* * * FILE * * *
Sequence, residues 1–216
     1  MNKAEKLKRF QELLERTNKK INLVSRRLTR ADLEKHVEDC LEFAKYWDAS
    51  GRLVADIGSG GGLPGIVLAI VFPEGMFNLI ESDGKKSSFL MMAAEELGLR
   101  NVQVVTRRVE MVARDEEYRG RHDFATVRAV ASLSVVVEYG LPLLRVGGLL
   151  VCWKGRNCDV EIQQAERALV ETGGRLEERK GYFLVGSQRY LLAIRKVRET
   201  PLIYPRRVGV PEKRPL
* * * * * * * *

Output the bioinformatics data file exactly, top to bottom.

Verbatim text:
Sequence, residues 1–216
     1  MNKAEKLKRF QELLERTNKK INLVSRRLTR ADLEKHVEDC LEFAKYWDAS
    51  GRLVADIGSG GGLPGIVLAI VFPEGMFNLI ESDGKKSSFL MMAAEELGLR
   101  NVQVVTRRVE MVARDEEYRG RHDFATVRAV ASLSVVVEYG LPLLRVGGLL
   151  VCWKGRNCDV EIQQAERALV ETGGRLEERK GYFLVGSQRY LLAIRKVRET
   201  PLIYPRRVGV PEKRPL